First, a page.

• search

Another US diplomat to meet Taiwan's Chen - paper

Written by: Staff

TAIPEI, Feb 26 (Reuters) A former senior official of the Bush Administration will visit Taiwan in yet another effort by Washington to persuade President Chen Shui-bian to retain a policy council on unification with China, a local newspaper said.

The United Daily News said former US deputy secretary of state Richard Armitage would meet Chen and spell out consequences of the controversial decision when he visits.

It was not clear whether Armitage would arrive before February 28, when Chen is expected to make a formal announcement, it said.

Chen, keen to shake off China's claim of sovereignty over the island, has said the the National Unification Council and 15-year-old guidelines on unification were ''absurd products of an absurd era'' and should be scrapped.

His plan has angered Beijing and alarmed Washington.

Chen has reportedly snubbed a special US envoy, who visited earlier this month, refusing to go back on his decision to disband the council.

The council has been dormant since Chen took office in 2000 and ended five decades of Nationalist Party rule.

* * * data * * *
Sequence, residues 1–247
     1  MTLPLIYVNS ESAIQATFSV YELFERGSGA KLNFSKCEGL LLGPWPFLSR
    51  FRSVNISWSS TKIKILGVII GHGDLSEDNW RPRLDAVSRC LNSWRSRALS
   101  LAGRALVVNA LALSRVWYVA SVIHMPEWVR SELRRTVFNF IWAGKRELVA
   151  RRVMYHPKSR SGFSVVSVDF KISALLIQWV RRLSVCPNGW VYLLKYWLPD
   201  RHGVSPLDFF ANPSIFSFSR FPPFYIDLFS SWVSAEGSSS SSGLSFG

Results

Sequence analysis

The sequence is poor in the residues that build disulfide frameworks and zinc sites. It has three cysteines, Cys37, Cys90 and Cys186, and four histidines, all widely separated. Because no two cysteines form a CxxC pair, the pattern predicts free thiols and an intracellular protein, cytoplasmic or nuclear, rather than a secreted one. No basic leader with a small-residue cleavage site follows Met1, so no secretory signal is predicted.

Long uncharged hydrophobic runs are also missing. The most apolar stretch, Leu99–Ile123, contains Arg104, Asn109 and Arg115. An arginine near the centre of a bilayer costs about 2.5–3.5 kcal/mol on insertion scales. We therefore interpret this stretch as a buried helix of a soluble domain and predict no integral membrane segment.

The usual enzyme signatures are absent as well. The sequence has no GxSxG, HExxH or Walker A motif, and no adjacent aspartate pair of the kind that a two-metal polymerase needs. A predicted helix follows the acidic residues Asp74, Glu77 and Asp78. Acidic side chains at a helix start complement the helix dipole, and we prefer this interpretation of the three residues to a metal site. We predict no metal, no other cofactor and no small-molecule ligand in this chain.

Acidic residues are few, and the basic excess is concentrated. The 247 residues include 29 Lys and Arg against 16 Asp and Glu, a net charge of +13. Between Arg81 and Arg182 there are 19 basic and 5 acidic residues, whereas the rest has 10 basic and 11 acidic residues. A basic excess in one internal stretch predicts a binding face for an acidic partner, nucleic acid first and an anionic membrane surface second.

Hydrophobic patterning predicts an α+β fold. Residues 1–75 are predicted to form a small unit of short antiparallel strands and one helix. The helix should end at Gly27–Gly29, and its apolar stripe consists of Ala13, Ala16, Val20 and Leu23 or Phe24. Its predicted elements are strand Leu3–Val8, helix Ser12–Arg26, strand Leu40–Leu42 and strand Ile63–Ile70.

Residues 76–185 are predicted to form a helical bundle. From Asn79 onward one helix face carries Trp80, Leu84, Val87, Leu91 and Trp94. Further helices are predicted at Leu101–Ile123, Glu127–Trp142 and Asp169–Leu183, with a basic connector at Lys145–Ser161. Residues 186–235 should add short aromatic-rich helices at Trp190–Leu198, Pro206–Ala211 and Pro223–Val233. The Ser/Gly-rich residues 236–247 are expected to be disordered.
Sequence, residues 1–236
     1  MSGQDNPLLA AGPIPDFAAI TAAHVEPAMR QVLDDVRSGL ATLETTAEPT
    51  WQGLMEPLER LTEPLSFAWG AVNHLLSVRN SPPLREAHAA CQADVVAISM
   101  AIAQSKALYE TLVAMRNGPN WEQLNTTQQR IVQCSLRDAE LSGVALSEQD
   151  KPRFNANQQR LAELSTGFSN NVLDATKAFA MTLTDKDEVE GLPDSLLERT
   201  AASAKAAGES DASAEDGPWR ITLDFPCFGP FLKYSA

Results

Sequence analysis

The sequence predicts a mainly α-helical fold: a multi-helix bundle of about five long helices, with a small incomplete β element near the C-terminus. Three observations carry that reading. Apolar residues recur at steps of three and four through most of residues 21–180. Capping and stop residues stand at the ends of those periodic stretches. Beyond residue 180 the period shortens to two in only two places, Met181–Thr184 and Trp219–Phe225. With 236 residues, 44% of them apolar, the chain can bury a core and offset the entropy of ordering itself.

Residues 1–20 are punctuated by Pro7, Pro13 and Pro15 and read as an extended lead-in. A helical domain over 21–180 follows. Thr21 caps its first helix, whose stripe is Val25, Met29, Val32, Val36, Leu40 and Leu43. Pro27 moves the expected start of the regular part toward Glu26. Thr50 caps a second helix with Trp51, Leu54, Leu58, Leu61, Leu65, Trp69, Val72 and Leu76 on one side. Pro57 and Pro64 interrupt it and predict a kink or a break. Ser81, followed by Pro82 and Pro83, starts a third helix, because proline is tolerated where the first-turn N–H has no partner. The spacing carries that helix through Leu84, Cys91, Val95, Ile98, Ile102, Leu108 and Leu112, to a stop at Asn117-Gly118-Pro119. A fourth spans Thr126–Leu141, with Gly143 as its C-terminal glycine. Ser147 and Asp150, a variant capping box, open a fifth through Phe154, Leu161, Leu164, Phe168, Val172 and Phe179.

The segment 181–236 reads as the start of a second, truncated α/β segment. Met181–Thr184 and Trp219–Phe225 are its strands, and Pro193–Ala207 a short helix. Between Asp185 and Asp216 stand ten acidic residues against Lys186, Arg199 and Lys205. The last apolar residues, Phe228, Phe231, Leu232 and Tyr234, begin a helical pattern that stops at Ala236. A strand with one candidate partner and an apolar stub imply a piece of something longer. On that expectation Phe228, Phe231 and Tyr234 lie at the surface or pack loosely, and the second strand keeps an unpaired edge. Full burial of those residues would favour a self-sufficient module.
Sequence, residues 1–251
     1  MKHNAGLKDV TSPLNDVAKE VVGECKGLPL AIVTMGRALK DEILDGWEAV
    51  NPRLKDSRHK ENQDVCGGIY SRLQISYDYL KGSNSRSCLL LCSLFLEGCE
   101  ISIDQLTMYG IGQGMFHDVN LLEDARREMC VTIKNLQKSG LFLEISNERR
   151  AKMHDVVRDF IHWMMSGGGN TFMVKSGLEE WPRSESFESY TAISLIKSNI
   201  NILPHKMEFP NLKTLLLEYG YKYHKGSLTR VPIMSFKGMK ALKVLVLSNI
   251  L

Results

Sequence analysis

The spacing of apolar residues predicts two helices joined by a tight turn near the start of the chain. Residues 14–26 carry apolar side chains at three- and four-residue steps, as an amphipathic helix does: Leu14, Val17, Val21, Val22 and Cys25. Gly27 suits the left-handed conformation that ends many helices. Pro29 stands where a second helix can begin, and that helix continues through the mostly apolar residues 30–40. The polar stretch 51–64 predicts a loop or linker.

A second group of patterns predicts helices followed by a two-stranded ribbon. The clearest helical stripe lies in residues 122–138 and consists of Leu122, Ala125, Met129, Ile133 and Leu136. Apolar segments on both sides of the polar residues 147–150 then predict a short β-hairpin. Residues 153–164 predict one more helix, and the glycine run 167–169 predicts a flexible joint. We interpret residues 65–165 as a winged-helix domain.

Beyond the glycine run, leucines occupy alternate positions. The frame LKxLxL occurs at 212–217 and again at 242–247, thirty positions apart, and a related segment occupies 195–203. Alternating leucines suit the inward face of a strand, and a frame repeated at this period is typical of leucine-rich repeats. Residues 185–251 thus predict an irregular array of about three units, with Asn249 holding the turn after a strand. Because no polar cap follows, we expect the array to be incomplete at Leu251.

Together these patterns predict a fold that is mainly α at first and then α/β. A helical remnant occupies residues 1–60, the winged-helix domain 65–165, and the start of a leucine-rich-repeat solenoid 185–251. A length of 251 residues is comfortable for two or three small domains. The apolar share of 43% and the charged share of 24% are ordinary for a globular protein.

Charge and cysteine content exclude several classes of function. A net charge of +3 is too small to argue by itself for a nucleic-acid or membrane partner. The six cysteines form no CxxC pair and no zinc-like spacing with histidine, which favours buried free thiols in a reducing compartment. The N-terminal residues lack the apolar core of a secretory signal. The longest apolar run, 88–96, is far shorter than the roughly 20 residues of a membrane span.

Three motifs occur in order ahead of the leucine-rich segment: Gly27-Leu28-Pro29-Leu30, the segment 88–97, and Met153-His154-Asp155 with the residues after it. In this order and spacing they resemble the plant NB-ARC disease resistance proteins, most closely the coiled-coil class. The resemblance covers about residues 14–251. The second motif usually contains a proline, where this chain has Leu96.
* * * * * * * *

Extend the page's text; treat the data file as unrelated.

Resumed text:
But if Chen dissolved the council and the guidelines, he would break a promise he made in his 2000 inauguration speech and underscore Beijing's suspicions he is pushing for independence.

Beijing has vowed to attack Taiwan if the island formally declares statehood. The two sides split at the end of the Chinese civil war in 1949 when the defeated Nationalists fled into exile on the island.

Washington, which switched diplomatic recognition from Taipei to Beijing in 1979 but remains the island's main arms supplier, reiterated its opposition to moves that could upset delicate ties between China and Taiwan.


For Daily Alerts

For Breaking News from Oneindia
Get instant news updates throughout the day.

Notification Settings X
Time Settings
Clear Notification X
Do you want to clear all the notifications from your inbox?
Settings X
We use cookies to ensure that we give you the best experience on our website. This includes cookies from third party social media websites and ad networks. Such third party cookies may track your use on Oneindia sites for better rendering. Our partners use cookies to ensure we show you advertising that is relevant to you. If you continue without changing your settings, we'll assume that you are happy to receive all cookies on Oneindia website. However, you can change your cookie settings at any time. Learn more